But, there is reason to believe that having opened the door to easy monetary policy, Fed Chairman Powell would find it difficult to shut it again. Partly also because things can only get worse for the US economy before it can, if at all in the near future, get better. And there are new uncertainties to contend with, not least the announcement by Trump, immediately after the Fed’s rate cut decision, that he plans to impose a tariff of 10% on $300 billion worth of imports from China, and could take that tariff higher to even 15%, 20% or 25%. That may have adverse consequences for both US and global growth, and definitely hurt markets. In the event, it could force the Fed to convert what it describes as a one-shot “mid-cycle adjustment” into a more prolonged rate reduction effort, that would lead to a negative interest rate regime in the US as in Europe and elsewhere.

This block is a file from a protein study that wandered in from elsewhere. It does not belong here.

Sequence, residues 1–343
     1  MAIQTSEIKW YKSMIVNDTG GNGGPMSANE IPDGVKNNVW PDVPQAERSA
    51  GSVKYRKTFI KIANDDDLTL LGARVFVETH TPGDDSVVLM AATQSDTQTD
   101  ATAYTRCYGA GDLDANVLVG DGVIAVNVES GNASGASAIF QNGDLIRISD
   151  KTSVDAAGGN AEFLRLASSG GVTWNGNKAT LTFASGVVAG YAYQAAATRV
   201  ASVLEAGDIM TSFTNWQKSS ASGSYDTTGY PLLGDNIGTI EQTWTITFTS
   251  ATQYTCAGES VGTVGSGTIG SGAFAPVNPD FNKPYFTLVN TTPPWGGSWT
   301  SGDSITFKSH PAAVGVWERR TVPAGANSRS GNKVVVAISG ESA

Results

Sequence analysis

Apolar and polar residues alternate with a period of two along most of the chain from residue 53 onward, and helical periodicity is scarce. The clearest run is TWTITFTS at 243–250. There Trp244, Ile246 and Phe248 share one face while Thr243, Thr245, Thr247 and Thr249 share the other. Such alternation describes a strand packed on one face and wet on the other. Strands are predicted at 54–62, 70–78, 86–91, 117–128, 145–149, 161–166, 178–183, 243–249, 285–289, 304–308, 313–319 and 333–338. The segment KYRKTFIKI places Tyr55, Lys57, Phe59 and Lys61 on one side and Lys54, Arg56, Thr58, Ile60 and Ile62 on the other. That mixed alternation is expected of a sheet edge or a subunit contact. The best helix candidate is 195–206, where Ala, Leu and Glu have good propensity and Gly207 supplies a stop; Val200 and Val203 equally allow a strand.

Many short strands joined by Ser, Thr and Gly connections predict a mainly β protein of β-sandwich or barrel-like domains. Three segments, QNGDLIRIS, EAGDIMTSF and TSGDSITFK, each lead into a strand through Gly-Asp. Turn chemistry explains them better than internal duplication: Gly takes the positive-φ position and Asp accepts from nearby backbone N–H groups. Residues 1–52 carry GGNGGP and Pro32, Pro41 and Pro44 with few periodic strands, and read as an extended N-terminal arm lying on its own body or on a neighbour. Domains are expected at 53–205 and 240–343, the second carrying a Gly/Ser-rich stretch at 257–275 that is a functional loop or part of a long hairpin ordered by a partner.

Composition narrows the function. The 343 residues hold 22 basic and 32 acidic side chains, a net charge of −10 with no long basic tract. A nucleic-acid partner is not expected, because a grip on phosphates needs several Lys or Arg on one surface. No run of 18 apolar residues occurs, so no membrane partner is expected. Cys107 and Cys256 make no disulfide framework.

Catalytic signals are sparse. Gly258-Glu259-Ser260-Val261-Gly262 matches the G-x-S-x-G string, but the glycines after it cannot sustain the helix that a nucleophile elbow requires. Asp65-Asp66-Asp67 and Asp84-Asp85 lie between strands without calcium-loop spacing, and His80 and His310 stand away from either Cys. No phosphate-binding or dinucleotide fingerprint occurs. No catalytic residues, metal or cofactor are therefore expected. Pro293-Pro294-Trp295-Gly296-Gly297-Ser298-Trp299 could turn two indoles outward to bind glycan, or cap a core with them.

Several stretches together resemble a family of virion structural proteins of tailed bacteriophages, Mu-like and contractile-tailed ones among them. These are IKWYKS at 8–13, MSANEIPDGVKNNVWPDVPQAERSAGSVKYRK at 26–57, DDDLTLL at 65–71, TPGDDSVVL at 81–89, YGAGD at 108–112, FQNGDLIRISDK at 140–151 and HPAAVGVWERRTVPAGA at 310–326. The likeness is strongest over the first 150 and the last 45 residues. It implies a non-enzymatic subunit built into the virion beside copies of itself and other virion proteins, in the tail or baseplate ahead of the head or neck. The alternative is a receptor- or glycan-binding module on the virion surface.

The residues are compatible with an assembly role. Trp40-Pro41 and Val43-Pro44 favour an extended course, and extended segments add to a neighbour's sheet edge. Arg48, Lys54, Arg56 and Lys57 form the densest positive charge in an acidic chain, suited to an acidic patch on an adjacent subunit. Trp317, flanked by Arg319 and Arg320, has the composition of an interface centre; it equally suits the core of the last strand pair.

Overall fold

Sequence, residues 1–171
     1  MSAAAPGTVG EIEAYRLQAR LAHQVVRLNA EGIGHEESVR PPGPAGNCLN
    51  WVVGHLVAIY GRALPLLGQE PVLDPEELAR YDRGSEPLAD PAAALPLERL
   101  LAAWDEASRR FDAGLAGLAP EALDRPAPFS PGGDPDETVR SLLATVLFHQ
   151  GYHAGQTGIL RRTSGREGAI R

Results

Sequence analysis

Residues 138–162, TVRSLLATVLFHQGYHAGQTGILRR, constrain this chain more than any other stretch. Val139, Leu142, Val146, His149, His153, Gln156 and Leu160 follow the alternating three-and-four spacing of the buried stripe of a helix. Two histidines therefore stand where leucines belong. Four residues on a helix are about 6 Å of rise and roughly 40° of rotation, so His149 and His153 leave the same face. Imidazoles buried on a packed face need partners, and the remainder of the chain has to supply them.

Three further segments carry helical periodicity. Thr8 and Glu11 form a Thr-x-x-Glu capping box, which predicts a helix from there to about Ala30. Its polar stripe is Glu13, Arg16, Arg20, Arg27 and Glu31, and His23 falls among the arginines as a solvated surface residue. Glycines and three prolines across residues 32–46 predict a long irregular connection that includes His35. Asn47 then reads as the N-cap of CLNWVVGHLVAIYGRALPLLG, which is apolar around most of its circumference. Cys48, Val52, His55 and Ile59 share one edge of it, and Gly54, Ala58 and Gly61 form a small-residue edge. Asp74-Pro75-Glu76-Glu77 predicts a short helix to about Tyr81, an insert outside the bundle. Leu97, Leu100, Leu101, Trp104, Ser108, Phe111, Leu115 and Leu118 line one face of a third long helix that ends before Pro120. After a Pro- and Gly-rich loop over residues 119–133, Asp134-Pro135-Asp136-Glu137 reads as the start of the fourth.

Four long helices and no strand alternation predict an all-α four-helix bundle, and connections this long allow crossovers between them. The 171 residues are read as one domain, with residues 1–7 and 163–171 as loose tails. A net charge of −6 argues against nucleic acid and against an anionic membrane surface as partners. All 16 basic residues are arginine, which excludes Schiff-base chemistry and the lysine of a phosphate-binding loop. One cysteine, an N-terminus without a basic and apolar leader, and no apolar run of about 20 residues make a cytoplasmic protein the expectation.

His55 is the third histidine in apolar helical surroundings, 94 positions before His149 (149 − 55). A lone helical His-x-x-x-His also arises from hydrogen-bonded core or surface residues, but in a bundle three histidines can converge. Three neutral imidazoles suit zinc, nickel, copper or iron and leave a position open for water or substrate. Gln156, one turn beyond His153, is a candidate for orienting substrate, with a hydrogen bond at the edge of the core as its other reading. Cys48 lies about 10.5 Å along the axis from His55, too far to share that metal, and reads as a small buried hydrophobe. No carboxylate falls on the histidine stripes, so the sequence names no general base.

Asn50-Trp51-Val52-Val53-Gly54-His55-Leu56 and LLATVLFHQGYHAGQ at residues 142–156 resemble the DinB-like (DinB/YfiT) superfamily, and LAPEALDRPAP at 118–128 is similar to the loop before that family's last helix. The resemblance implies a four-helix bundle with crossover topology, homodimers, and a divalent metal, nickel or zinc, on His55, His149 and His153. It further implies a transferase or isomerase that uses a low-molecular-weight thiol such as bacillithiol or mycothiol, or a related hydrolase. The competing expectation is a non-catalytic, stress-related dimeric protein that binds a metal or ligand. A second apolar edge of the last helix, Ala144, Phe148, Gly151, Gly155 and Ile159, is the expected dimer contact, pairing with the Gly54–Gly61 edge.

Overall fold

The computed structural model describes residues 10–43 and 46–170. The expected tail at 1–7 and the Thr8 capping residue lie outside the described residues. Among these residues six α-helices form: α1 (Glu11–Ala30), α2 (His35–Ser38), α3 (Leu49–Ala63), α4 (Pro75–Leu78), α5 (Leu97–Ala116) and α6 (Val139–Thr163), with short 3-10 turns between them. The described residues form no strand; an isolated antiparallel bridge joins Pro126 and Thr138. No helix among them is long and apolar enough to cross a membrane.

However, if past experience is any guide, such rate reductions are unlikely to do much for US growth. But, it could set off another round of speculative financial investments fuelled by the availability of cheap liquidity. If that triggers another financial boom–bust cycle, slow growth could be followed by another deep recession.
Federal Open Market Committee (2019): “Federal Reserve Issues FOMC Statement,” USA Federal Reserve in Press Release, 20 March, https://www.federalreserve.gov/newsevents/pressreleases/monetary20190320….
Timiraos, Nick (2019): “Fed Cuts Rates by a Quarter Point in Precautionary Move,” Wall Street Journal, 31 July, https://www.wsj.com/articles/fed-cuts-rates-by-a-quarter-point-ends-port….
(This article was originally published in Economic and Political Weekly dated 12th Aug, 2019)